The weekend's other release of note is For Greater Glory, starring Andy Garcia and receiving a modest 700 theater release. The target demographic should respond with some interest, but it's unlikely to see any sort of break-out here. The R-rated drama should make around 3 million for the weekend.


1 Snow White and the Huntsman 61.8 NEW
2 MIB 3 26.6 -62%
3 Avengers, The 21.6 -54%
4 Best Exotic Marigold Hotel 6.9 -15%
5 Dictator, The 4.8 -59%
6 Dark Shadows 4.4 -53%
7 Battleship 4.2 -69%
8 What to Expect When 4.2 -52%
9 For Greater Glory 2.9 NEW
10 Chernobyl Diaries 2.1 -77%

Monday, May 28, 2012

Dark Shadows (Tim Burton, 2012) -- D+

Dark Shadows is perhaps the most slapdash film ever made by the once talented, artistic, and provocative Tim Burton, a director whose name was once a stamp of assurance to filmgoers that they would indulge some shape or form of wacky, eccentric filmmaking. Lately, it's proven to be nothing more than a ruse in offering disposable product. Joining the likes of Alice in Wonderland, Charlie and the Chocolate Factory, and Planet of the Apes, the director's latest feels flat and forced from the start, commencing with a mundane, by-the-numbers prologue, in which Barnabus Collins (Johnny Depp) explains how he was scorned and made-vampire by witch Angelique Bouchard (Eva Green) in the late 18th century. Resurrected by a construction crew in 1972, Barnabus quickly finds his estate, now occupied by a new generation of Collins, and tries to turn the family's fortunes around. Burton's typically "high concept" premise, much like Barnabus's fish-out-of-water observations, feel decades late compared to the recent works by filmmakers like David Fincher, Christopher Nolan, Neveldine/Taylor, Tomas Alfredson, Matt Reeves, and Edgar Wright - directors who have brazenly taken genre and given it a particular, specifically revisionist imprint. Relying on gags that range from Barnabus not knowing how a television works, to thinking a car's headlights are "the eyes of the devil, himself," to a funky-ball/"happening" featuring Alice Cooper, Burton sloppily juxtaposes, and indecipherably waddles through, genre tropes (montage here, set-piece there) to little meaning or affect. Indeed, the set-design is magnificent and Depp's schtick sporadically amuses, but Dark Shadows steadily becomes one of the more bloodless mainstream offerings in recent years, while remaining one of the strangest. While that paradox may sound enticing or even subversive, it never plays as such, since Burton is unable to speak visually as a means to undermine the rote, formulaic script. With other gags about McDonald's and confused terminology ("Are you stoned?" "They tried stoning me, my dear. It did not work."), Burton's film could be read as a cheeky allegory for his anachronistic genre interests - a lament that the times-are-a'-changin', were the film not so seemingly oblivious to its own inert, dispassionate tone and style. Instead, one word consistently comes to mind throughout the film's two-hour running time: irrelevant.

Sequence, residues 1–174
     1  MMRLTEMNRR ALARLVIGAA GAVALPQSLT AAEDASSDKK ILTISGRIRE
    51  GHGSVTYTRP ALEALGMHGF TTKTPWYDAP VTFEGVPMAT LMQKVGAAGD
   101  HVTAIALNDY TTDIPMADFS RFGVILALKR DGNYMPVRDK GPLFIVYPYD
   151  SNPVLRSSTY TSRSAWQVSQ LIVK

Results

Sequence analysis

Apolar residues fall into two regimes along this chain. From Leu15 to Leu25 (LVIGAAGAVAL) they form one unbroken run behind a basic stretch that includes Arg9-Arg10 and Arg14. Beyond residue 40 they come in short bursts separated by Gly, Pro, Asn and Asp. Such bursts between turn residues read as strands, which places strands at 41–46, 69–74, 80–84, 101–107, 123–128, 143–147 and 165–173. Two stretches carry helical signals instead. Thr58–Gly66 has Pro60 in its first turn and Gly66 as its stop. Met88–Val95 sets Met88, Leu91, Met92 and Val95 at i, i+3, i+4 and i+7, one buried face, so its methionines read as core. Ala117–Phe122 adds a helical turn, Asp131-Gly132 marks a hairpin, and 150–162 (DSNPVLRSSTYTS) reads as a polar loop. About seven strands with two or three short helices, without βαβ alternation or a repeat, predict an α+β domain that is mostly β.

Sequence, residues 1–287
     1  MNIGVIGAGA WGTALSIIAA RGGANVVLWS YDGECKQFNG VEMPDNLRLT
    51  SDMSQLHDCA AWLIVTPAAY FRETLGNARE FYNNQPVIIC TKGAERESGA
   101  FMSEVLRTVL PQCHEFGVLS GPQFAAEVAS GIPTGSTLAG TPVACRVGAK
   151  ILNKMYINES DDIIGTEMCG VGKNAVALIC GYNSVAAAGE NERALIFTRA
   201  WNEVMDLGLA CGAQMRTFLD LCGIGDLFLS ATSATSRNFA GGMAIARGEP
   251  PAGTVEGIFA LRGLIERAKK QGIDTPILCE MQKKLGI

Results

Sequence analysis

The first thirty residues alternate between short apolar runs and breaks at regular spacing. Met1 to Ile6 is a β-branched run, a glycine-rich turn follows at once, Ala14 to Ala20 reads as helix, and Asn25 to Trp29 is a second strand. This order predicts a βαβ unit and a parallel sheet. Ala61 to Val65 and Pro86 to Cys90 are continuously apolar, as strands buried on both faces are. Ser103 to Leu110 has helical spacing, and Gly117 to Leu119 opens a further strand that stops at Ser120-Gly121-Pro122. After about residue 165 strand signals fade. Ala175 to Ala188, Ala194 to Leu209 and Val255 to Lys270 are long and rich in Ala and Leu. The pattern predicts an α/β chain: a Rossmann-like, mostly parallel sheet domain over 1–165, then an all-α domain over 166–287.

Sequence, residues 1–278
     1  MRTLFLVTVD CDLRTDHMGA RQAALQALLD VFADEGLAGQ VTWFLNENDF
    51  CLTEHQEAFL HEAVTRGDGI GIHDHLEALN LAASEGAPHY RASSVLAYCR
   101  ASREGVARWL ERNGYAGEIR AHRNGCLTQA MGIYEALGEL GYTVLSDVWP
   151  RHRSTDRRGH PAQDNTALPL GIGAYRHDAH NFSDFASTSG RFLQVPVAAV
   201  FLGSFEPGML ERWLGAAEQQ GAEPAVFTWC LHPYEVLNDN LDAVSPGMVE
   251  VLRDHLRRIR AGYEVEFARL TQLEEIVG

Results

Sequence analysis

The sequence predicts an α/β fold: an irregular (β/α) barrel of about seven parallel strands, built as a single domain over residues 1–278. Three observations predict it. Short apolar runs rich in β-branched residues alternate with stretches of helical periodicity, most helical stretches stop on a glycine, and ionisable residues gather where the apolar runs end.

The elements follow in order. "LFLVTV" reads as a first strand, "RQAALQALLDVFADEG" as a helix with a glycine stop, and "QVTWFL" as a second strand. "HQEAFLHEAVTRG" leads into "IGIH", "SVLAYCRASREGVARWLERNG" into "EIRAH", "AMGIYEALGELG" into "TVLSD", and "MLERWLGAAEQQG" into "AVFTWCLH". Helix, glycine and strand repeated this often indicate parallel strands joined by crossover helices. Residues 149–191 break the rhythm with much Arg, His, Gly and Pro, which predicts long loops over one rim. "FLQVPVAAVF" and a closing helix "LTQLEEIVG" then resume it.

Saturday, May 26, 2012

Box Office Update (May 25 - 28)